The Times Herald
The message that comes with Gov. Rick Snyder’s plan to reform K-12 education is unmistakable. Public education is changing, and public officials must adapt.
The right to an education has never been disputed. But the ways an education can be acquired today have expanded. Cyber schools enable students to learn through a computer rather than studying in a classroom.
Plus, the time when students had to be residents of a school district has passed. Schools of choice saw to that.
Considering education’s changing landscape, Snyder’s new plan shouldn’t be considered so radical. Some of its proposals, however, place more pressure on school districts to succeed.
Students would have access to a combination of school districts. In effect, they can assemble a course of study according to classes that offer the best quality. The districts the student chooses will share his or her per-pupil funding from the state. If the plan meets its potential, students would acquire the status of consumers school districts will court.
Students can access online learning throughout the state. In addition to attending classes at different school districts, online classes could further diversify students courses. Public dollars would cover the cost, and the money would pay school districts that provide online classes according to performance.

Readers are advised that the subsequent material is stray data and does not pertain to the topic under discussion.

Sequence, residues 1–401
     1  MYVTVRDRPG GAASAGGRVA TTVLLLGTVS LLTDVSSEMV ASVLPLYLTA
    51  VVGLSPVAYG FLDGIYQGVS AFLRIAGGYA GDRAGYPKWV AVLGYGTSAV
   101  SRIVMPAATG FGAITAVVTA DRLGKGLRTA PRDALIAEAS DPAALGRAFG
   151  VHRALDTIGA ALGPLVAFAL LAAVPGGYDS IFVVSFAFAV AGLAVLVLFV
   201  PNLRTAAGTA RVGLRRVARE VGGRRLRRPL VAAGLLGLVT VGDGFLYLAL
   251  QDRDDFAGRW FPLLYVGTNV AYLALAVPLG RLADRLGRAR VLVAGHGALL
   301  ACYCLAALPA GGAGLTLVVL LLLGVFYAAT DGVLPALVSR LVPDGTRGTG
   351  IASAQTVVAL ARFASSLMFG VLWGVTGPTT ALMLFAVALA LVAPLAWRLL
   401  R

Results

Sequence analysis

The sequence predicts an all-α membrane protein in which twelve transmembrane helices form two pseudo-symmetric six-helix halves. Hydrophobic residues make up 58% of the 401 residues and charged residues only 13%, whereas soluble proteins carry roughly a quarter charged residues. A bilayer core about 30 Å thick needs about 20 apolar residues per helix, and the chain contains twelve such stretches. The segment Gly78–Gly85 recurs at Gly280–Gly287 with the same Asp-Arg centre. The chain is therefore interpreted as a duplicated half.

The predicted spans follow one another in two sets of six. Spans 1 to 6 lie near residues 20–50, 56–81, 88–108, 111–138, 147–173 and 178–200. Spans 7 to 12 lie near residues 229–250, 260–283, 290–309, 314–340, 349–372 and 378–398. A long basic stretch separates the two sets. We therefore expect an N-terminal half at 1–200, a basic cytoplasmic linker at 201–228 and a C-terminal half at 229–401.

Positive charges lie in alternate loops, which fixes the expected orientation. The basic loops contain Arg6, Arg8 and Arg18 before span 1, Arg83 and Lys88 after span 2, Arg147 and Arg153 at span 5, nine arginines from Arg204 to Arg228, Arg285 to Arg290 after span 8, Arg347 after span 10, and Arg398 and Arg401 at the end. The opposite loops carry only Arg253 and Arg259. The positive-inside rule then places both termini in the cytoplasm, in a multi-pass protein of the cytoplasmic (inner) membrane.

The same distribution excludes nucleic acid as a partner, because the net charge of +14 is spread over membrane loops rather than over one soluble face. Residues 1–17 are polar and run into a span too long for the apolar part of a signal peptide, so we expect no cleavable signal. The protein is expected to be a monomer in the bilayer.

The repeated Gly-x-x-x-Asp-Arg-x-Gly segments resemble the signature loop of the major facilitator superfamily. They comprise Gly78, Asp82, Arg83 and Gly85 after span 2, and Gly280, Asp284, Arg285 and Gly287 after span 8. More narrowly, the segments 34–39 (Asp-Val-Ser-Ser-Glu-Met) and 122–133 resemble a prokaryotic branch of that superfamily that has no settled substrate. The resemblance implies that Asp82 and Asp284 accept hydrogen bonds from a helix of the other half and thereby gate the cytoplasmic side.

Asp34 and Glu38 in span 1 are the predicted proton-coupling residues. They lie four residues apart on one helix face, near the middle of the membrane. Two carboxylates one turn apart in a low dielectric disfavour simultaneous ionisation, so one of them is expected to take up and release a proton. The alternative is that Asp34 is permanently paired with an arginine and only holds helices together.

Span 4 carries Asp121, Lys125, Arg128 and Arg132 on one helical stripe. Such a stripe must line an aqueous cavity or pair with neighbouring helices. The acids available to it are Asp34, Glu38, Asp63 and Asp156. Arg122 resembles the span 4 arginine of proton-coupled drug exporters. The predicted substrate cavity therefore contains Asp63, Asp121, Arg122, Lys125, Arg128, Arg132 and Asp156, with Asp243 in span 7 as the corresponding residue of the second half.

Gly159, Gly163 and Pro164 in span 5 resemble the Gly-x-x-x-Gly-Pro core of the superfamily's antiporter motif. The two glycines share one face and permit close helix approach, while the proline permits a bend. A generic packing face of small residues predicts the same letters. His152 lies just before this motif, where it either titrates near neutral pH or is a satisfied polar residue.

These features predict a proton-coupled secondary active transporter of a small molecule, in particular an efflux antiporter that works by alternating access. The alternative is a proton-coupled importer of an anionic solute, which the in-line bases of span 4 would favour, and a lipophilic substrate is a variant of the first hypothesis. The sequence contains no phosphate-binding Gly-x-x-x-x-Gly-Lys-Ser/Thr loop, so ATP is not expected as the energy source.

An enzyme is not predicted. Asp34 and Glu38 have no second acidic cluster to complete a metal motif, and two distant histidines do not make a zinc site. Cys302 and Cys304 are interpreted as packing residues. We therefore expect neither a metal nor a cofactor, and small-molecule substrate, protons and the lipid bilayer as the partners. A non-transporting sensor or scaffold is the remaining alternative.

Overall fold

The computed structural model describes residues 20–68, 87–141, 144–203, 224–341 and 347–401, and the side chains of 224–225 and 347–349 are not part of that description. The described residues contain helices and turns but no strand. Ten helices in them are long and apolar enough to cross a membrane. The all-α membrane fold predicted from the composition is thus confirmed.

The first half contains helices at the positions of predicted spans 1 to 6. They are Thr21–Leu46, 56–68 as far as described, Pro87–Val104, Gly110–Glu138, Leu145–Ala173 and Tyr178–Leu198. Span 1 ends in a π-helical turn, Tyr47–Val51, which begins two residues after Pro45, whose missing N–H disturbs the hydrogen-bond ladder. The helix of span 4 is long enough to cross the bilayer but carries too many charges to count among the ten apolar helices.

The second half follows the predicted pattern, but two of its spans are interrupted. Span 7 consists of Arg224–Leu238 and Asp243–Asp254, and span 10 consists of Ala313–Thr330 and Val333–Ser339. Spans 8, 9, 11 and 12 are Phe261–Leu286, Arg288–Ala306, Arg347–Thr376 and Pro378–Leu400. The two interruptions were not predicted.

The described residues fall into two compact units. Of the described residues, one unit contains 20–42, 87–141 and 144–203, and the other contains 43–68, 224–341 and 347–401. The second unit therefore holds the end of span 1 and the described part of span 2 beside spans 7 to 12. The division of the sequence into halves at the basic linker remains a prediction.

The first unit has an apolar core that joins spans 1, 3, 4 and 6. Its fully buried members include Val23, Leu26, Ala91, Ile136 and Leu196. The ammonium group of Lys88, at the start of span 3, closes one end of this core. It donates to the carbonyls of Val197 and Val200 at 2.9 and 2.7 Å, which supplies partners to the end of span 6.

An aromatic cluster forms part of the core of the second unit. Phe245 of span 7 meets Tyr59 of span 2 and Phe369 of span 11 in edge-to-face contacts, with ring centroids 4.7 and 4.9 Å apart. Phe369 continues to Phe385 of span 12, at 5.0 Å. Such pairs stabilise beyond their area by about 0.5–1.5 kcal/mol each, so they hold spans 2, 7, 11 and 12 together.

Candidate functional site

State funding in general would be performance-based. School districts that show their educational products work will receive more money. Those that don’t will be given less.
The promise of Snyder’s plan is it gives students unprecedented freedom to shaped their education. It also challenges traditional school districts to compete for those pupils.
Low-income students could benefit most, but that depends on the details. Cyber schools can offer the potential of quality education to impoverished students trapped in failing school districts. They could answer the concern that the students couldn’t afford transportation to quality school districts in wealthy suburbs.
Traditional school districts, particularly the ones struggling to meet state standards, aren’t likely to embrace Snyder’s plan. Its funding formula favors districts that perform well. That could mean wealthier districts that already receive more state aid would prosper benefit.
At least students will have more options.